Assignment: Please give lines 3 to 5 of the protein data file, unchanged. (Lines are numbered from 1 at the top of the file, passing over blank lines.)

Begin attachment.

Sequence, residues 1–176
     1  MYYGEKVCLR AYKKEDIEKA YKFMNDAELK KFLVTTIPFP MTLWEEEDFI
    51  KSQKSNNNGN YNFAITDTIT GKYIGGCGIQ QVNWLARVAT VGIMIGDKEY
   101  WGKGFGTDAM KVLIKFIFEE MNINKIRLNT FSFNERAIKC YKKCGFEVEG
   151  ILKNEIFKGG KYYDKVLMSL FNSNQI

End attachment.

    51  KSQKSNNNGN YNFAITDTIT GKYIGGCGIQ QVNWLARVAT VGIMIGDKEY
   101  WGKGFGTDAM KVLIKFIFEE MNINKIRLNT FSFNERAIKC YKKCGFEVEG
   151  ILKNEIFKGG KYYDKVLMSL FNSNQI